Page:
As everyone knows, I am an advocate of “rank-and-file” forms of industrial organisation. Namely, I believe that through militants organising on the ground through horiontal structures such as workplace committees, we can use direct action to take on winnable fights. This, in turn allows those horizontal structures to grow as more people see that they work, increasing both the scale of action you can take and the victories you can take from it.
It has been argued by certain opponents of this that it is redundant since trade unions already perform the same function well enough.
One example being the attempt to compare the Unite union’s “organising model” with the US IWW’s/UK SolFed’s organiser training. The key difference being that the former relies heavily on full time officials whilst the latter is specifically aimed at militants within the workplace taking the lead and empowering others to act.
More recently, an action led by trade union reps – including members of the executive – was offered as a counterpoint to the movement built by rank-and-file mechanical and electrical construction workers last year (the Sparks). The argument being that the reps gave their members confidence and the action was taken by the members themselves. This showed that the union role should not be attacked and in fact enables the kind of mass action that I advocate.
Both of the comparisons are wrong for a couple of reasons:
One, it confuses taking the initiative with leadership in the very specific form most familiar to trade unions. Yes, workers can act for themselves – but only if we lead them, if we speak on their behalf and if we tell them it’s safe to do so.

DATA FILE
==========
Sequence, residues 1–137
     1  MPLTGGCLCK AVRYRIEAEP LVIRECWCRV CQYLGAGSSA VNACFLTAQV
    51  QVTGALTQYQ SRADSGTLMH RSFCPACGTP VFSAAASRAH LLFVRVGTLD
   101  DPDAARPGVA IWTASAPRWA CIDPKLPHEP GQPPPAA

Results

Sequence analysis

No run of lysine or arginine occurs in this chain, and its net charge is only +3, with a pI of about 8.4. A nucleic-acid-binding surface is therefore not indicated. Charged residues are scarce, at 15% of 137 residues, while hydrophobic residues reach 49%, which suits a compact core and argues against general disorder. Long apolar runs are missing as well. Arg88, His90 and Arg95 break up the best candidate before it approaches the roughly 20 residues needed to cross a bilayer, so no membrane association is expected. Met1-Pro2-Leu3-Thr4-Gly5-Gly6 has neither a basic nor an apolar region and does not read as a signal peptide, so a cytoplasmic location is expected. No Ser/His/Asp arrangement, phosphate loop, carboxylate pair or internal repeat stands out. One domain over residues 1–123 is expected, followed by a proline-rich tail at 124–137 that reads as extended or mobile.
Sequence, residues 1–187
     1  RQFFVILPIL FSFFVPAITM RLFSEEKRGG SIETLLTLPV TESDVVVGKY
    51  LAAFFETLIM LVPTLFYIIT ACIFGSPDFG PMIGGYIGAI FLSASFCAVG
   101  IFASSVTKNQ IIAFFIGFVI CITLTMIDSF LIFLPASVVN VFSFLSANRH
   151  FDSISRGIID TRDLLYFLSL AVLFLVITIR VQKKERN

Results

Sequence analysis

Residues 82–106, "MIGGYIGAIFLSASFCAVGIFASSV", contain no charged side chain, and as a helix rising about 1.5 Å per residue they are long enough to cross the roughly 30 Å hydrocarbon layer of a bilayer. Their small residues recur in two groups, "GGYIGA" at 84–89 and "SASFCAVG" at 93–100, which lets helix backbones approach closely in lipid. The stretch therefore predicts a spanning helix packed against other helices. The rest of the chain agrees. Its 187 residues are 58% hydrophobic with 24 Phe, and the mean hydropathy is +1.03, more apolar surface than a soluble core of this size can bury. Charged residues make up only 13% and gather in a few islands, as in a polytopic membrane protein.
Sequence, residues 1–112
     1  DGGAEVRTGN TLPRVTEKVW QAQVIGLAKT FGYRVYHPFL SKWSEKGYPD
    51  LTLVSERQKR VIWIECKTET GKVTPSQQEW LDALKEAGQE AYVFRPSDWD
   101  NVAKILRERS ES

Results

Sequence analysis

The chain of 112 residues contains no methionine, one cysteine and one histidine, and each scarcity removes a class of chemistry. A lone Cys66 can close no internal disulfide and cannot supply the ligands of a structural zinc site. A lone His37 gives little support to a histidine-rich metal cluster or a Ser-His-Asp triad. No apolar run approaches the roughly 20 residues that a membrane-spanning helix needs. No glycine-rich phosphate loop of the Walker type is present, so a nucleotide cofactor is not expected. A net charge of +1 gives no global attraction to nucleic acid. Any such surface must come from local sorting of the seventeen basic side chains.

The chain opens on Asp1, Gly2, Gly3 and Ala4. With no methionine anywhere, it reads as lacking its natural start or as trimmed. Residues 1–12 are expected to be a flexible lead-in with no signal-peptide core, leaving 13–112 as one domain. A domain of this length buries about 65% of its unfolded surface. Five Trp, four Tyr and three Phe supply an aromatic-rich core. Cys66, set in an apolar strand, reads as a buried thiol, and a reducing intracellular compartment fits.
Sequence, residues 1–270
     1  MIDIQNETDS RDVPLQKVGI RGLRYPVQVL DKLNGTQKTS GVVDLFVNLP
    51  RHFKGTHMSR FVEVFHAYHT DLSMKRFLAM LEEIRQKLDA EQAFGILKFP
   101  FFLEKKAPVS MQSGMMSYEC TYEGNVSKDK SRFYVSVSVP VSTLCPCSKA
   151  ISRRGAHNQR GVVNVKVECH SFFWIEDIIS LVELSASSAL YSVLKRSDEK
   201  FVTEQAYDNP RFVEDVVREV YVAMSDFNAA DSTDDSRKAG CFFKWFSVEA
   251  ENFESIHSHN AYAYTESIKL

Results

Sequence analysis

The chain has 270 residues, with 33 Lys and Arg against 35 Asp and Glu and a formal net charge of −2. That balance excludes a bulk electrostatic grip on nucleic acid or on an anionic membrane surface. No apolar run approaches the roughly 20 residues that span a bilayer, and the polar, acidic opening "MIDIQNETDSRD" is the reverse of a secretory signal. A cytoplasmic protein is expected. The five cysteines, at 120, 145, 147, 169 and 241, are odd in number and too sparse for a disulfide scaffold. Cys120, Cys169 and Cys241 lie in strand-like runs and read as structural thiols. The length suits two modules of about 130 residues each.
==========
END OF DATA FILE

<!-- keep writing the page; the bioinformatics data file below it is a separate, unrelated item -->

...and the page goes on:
Rank-and-file organisation is quite different. Somebody always takes the initiative, but the aim in building in the specific form I described above (winnable victories leading to growth leading to bigger victories) is precisely to show workers they can act for themselves. Not on the say-so of a union official, and certainly not dependent on that first person who took the initiative. The aim is to empower others to take the initiative as well, to build a culture of solidarity where workers take decisions and act for themselves. Regardless of whether there’s a union rep about.
Two, the form and function of trade unionism explicitly spearates negotiation from action. Even if, to a degree, workers are empowered by traditional and reformist unionism, they remain within those structures. Somebody else, higher up the chain, bargains for them. Demands are divorced from the shop floor and compromises are inevitably made at some point further along in the dispute when it becomes “pragmatic” to do so.
By contrast, rank-and-file organisation calls for not only demands to be controlled by workers’ assemblies in the workplace, but acceptance of offers and halting of disputes to. The whole point is to pull the control of the struggle from the back office where the boss and the union official negotiate, back to the shop floor and directly in the hands of workers themselves.
Unions became accepted and gained legal recognition because bosses recognised their worth. Their role is as mediator between labour and capital, and so though they must “represent” workers’ interests they must also be willing and able to police workers’ anger and offer industrial peace in order to be credible negotiating partners. By its very nature, legitimate rank-and-file action is a threat to this role and unions will only declare support for it if the momentum gathered means that they cannot afford to do anything else.
This is precisely why the comparison described above is dangerous. Far from building the confidence of workers to act for themselves, it perpetuates the myth that they need the top-down structures of trade unionism in order to advance their interests. It is a break on real militancy and a way to ensure that control of struggle remains out of our hands.
This isn’t to say that trade unions never win anything or that their wins shouldn’t be recognised. Simply that if we don’t recognise the limits of this form, we can never hope to go beyond it.